Wayne County

Juneteenth Jubilee Freedom Weekend, featuring the Juneteenth Jubilee Stroll on the Historic Avenue of Fashion: Today-Sunday. The Charles H. Wright Museum of African American History Museum will host a virtual screening of "Juneteenth: Lift Every Voice," a film documenting the anthem on Thursday. On Friday, there will be a free screening of "Concrete Cowboy," starring Idris Elba and Caleb McLaughlin, at Campus Martius Park. The grand finale will be a "Juneteenth Jubilee Stroll" along Detroit’s Livernois Avenue of Fashion from noon-6 p.m. that will include a live podcast, health and wellness resources, a raffle and more. Tickets for the event are $10 and include a map of participating businesses and swag bags. The Historic Avenue of Fashion is on Livernois between Eight Mile and McNichols, Detroit. 

"Freedom of Summer": Noon, Saturday. There'll be a Juneteenth Virtual Celebration featuring presentation of spoken word, prayer, African dance performances and remarks from offiicials. Visit www.detroitmi.gov/CRIO for a full schedule.

Juneteenth in The D: Noon-10:30 p.m. Saturday. A day of festival fun that includes food, entertainment and learning the history of Juneteenth.  Dabls Dabls MBAD African Bead Museum, 6559 Grand River Ave., Detroit.

Juneteenth In Detroit Family Day: Noon-8 p.m. Saturday. This 11th annual event will have food, music, games, challenges, keynote speakers, Father’s Day tug of war, Mr./Ms. Juneteenth and more. Maheras Gentry Park, 12550 Avondale, Detroit. Free.

Juneteenth Night Market: 6-11 p.m. Saturday Local vendors and live music will be featured at Beacon Park's Night Market. 1901 Grand River Ave., Detroit.

Juneteenth March and Teach-In: Noon-4 p.m. Saturday. Detroit Will Breathe will host a march and discussion on the dispossession of Black Detroit. 18100 Meyers, Northwest Activities Center, Detroit.

Hamtramck’s Juneteenth Clean Up: 2-6 p.m. Saturday. Residents of Hamtramck are welcome to participate in a neighborhood cleanup at Sarah Garrett Park and the surrounding area. Trash bags and gloves as well as hand sanitizer will be provided to all participants. Volunteers are needed to help haul filled trash bags to area dumpsters. Sarah Garrett Park, 11369 Dequindre St., Hamtramck. For more information, call Dwydell Garrett at 586-871-6682.

Oakland County

Emagine Entertainment Juneteenth Film Festival: This second annual month-long film festival at Emagine Royal Oak benefits the United Negro College Fund. The film festival, which began June 4, continues with screenings on Friday of "Spiderman: Into the Spider-Verse" and "Get Out"; and "Ray," "MLK/FBI," "Whose Streets" and "Just Mercy" on June 25. Tickets are $5. Emagine Royal Oak; 200 N. Main St., Royal Oak; (248) 414-1000; emagine-entertainment.com.

Underground Railroad House unveiling and tours, featuring the Walled Lake Beach Party and Summer in Bloom Art Show: 8 a.m.-11 p.m., Saturday, Walled Lake.  For the first time, the Banks house, a former Underground Railroad stop and the home of Michigan's first female doctor, Sarah Banks, will be open for small tours throughout the day at its location in Riley Park, at the intersection of E. Walled Lake Dive and Common Street.    The Walled Lake Beach Party, at Mercer Beach, will feature appearances by former Detroit Red Wing Darren McCarty at noon, and at 1 p.m., former Detroit Lions Calvin Johnson and Rob Simms will make appearances. There will also be a Summer in Bloom Art Show featuring 40 local artists. A 10 p.m. fireworks show will conclude the celebration. All events are sponsored by Greenhouse of Walled Lake.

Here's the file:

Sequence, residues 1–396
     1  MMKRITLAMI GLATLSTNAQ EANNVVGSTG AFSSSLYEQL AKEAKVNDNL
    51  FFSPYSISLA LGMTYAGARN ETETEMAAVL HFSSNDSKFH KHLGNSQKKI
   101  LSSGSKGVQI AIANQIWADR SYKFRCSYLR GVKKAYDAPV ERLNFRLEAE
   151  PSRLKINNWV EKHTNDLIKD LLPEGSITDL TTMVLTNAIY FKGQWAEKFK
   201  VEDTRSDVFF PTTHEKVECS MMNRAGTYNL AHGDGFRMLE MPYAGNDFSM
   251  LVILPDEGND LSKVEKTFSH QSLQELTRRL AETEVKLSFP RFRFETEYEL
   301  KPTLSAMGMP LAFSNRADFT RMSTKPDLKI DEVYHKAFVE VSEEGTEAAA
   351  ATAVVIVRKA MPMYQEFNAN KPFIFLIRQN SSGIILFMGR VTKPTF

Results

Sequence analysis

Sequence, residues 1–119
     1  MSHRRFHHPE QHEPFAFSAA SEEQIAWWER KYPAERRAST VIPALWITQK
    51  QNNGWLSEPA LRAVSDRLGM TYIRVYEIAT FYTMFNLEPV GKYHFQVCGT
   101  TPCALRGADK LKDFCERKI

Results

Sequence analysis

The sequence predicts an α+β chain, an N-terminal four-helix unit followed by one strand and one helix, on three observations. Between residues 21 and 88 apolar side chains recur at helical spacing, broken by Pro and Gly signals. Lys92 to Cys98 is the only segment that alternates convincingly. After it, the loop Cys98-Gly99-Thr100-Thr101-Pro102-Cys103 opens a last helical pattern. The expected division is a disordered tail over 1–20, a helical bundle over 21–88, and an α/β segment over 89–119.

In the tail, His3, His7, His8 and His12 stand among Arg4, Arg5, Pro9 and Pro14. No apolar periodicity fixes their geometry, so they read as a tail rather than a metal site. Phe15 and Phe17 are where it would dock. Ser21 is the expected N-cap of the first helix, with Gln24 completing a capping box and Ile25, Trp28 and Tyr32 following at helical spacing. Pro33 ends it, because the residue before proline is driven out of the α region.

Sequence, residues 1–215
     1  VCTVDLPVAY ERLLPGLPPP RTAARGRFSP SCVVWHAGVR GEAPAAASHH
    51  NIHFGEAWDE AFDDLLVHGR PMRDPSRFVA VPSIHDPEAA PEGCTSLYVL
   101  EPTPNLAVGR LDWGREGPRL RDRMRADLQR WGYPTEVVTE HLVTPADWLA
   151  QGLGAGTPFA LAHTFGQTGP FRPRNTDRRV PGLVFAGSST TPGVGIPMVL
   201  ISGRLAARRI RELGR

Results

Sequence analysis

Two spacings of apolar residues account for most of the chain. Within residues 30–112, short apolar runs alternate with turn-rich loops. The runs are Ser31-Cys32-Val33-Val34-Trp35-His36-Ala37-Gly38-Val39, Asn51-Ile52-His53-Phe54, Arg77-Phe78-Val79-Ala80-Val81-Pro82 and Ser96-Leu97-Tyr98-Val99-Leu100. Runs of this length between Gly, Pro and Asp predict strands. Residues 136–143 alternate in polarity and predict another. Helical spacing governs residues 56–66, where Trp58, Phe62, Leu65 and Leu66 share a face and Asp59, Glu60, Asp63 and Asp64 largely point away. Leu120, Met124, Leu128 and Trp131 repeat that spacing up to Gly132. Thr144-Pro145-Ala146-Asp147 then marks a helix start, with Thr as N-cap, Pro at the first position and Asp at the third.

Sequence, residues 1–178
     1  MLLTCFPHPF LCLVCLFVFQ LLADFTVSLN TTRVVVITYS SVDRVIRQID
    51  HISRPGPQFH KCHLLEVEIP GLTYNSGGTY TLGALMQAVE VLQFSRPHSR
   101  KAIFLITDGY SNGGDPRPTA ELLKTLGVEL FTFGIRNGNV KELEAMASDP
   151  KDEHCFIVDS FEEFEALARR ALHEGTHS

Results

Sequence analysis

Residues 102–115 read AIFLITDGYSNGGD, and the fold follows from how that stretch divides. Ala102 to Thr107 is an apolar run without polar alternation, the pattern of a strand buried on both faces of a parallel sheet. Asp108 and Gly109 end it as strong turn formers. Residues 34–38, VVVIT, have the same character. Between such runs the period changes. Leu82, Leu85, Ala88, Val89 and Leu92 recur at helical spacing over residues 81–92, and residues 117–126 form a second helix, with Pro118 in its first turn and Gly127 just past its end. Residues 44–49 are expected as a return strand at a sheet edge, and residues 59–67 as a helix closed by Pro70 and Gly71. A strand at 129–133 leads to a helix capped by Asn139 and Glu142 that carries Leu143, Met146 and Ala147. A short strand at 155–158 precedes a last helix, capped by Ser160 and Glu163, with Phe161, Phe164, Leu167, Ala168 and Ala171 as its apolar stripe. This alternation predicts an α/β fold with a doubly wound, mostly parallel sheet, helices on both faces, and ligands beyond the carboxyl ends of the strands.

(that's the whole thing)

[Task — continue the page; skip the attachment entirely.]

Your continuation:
Juneteenth Family Reunion: The annual event takes place all day Saturday at Catalpa Oaks Park in Southfield. Since 2019, the Family Reunion focuses on empowering, educating, and entertaining through cultural events. Located at 27705 Greenfield, 1,250 attendees are expected at this year's socially distanced event filled with live entertainment, music, games and more. More information, including an event packet, can be found at juneteenthfamreunion.org.

Madison Heights First Juneteenth Celebration: Noon-5 p.m. Saturday. Madison Heights will host its first-ever Juneteenth celebration with live music, food trucks, vendor booths, children's activities, a petting zoo, rib-cooking competition, art contest, a mobile COVID-19 vaccine site, and an educational exhibit explaining the history of Juneteenth. Civic Center Park, 360 W. 13 Mile, Madison Heights; 248-589-2294; madisonheightsjuneteenth.com.

Detroit Black Wall Street Juneteenth Father’s Day Celebration: 5:45-10 p.m. Saturday. This indoor/outdoor event will feature a DJ performance, vendors, and food and drink specials. 21380 Coolidge Hwy., Oak Park

'Miss Juneteenth' Movie Night: 7-9 p.m. Saturday.  Southfield's municipal complex will host an outdoor screening of the critically acclaimed 2020 film Miss Juneteenth on the front lawn. Attendees are encouraged to bring blankets, chairs, snacks, and beverages. The event costs $10 per carload; advance purchase recommended. Southfield Municipal Complex 26000 Evergreen Rd., Southfield; bit.ly/34NbxKX.

Unity in the Community: A Juneteenth Celebration: 4-8 p.m. Saturday. Lathrup Village's first celebration will include music, entertainment, food trucks, fun for children and a panel discussion. Registration required. 27400 Southfield Road, Admission is free. Visit eventbrite.com.